Ebenezer Collective | THE COST OF DEATH AND LIFE
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Elise Hurd

I lay there, bleeding. I held the heating pad against my cramping womb as the final evidence of the little life that had been drained slowly from me. I stared at the white tiled ceiling and did not cry. Not one single tear. My lack of emotion went beyond apathy. Death had physically, spiritually, and emotionally entered my body.

I had chosen this. Paid for this.

I had paid in full—but the cost was only beginning.

The thin curtains that separated my bed from the others in the room did not muffle the soft sobbing I heard. Sometimes the most soul-piercing sounds are barely audible. I don’t know how many other girls lay in the beds lining the walls of the small, cold room. Maybe six? Eight? Several more were in the lobby. Filling out paperwork and waiting their turns for chemicals or a curette to separate them from the life that was clinging, trying to develop inside of them.

The lucky ones would swallow pills to dull their pain. I could not. I had never been able to swallow medicine, no matter how tiny. Even knowing the surgery before me, my brain could not force an exception. My throat refused to pass down any dulling comfort. And because I had driven myself to the clinic, intravenous sedation was not an option. I would experience the removal of my first baby completely sober, alert, sensitive. Alone.

I remember the concern etched on the nurses’ faces. I had no idea what the surgery would be like, I only knew the end result. Still, I assured them I would be fine. One of them went in the room with me. She stood by my bed the whole time, and held my hand when the tugging began and my face twitched with pain. I kept my eyes fixed on the ceiling. One warm tear rolled straight back, down my temple, to my hairline. The nurse squeezed my hand. She told me it would be okay, that it would all be over soon. I remember thinking I didn’t care that it hurt. That it should hurt me. I wanted it to hurt me.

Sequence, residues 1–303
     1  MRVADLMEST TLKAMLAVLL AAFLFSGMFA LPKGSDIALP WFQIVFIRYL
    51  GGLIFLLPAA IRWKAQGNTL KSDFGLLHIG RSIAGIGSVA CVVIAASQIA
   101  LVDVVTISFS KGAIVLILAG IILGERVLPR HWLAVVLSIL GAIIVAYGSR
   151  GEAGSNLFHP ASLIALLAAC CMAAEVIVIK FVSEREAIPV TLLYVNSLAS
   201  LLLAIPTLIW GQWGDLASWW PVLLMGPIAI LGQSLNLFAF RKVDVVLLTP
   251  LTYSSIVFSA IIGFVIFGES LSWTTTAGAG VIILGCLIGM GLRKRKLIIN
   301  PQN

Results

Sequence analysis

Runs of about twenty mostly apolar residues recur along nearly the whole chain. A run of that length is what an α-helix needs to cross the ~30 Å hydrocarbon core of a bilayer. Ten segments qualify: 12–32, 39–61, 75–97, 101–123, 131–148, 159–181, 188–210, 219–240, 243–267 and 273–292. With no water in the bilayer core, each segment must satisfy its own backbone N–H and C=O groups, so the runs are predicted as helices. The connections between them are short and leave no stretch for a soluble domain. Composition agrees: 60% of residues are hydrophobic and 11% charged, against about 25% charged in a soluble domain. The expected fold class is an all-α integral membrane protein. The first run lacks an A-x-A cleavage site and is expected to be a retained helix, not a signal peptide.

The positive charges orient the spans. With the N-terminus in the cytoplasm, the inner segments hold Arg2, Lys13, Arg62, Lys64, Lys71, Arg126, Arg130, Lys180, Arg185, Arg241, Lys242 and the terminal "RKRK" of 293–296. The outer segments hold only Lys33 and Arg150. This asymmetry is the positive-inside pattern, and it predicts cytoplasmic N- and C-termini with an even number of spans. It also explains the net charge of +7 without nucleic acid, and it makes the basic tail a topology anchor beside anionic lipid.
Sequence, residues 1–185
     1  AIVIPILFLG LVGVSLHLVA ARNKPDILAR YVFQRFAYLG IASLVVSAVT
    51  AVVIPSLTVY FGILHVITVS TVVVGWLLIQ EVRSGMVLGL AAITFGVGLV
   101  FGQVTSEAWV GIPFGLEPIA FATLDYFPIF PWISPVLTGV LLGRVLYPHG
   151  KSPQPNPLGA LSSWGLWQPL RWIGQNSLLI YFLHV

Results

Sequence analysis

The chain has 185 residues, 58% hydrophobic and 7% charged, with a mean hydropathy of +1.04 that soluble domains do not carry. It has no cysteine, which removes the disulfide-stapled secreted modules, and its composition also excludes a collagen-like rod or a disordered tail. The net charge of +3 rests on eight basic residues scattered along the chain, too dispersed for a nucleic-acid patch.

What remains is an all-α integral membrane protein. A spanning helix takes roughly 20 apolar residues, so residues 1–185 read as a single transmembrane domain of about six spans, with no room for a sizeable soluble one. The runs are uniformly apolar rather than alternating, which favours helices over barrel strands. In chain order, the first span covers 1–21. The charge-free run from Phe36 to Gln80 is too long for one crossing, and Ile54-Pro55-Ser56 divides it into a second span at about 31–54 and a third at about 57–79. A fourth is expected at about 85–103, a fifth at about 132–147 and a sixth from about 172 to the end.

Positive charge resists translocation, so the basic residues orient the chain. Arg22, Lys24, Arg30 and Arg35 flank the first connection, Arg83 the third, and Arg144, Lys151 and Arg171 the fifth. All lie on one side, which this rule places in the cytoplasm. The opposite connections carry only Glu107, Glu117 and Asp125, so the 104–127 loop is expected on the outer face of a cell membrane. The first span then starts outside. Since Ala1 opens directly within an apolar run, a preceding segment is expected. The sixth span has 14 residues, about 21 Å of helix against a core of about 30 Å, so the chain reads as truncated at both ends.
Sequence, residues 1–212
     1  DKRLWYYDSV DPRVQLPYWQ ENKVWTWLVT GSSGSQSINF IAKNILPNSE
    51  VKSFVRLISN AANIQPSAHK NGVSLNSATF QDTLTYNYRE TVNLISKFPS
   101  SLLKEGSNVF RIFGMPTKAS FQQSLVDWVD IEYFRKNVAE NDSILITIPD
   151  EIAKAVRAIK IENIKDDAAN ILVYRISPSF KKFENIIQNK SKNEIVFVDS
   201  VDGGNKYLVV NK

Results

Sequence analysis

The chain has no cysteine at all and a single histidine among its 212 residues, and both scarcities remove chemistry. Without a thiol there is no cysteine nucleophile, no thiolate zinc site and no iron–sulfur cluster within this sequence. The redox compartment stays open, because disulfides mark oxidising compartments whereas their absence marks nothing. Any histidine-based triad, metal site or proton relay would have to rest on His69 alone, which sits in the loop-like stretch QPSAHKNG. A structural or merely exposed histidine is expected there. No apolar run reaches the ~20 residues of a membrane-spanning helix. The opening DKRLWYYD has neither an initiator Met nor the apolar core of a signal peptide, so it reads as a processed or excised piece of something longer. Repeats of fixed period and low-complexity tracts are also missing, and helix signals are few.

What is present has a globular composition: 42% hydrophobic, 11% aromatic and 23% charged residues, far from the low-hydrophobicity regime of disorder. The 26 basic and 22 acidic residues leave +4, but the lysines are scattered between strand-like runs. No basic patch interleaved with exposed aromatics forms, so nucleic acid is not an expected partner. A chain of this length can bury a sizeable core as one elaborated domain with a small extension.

The metal was cold. I could feel the ripping. The forcing my womb to let go of what it was designed to carry. Then it was over. I was given a pad and moved to a wheelchair. Rolled into a room with other girls. We didn’t make eye contact with each other. I was helped onto the bed, given a heating pad, and told if I wasn’t bleeding too much in an hour then I’d be free to go.

I stared at the ceiling, at the time on my cell phone, and waited for my hour to be up.

Even though there was some noise, the room felt heavy with silence in a way I’d never known.
Death has a silence to it that sucks all the sounds away and somehow makes them vanish in the weight of what has happened.

I was approved to leave. My baby was gone. I could walk away now. “Free” to go.

I walked past a life-sized Margaret Sanger cutout in the lobby on my way out. I saw the girls in the waiting room, and I knew this: Whether or not anyone knew the fullness of what she was doing before she had her abortion—she knew after. You cannot kill your own baby and not be deeply affected. You do not walk away from that experience the same woman.

I was already planning to tell my best friend (the only person who knew about my baby) how fine I was, that I did not regret my decision. And with my broken perception of reality, I almost convinced myself that was true. But I did not realize a first stage of grief is denial. In complete denial, I walked to my car and calmly thought about how I could flip it or drive it off the road on the way home. But I didn’t want to hurt anyone else, so maybe a car wreck wasn’t the best way to end my life. I began thinking through scenarios for suicide that wouldn’t harm or traumatize anyone else. I didn’t realize it at the time, but I had paid for death to enter me, and it had. My obsession with death had begun.

* * *

I crouched in the dirty bathroom stall of a big box store, staring hard at the two pink lines that were forming. I shook my head in disbelief. I threw the positive pregnancy test in the trash and stepped out to the rust-stained sink. As I washed my hands I determined to wash away the whole situation. I thought, God, why did you allow this? You knew what I would do…

I pulled out my cell phone and dialed. I could hear my voice robotically agreeing with the receptionist about a date, time, and the cost. I was on the schedule for another abortion. At the same clinic I’d sworn to myself I would never step foot in again.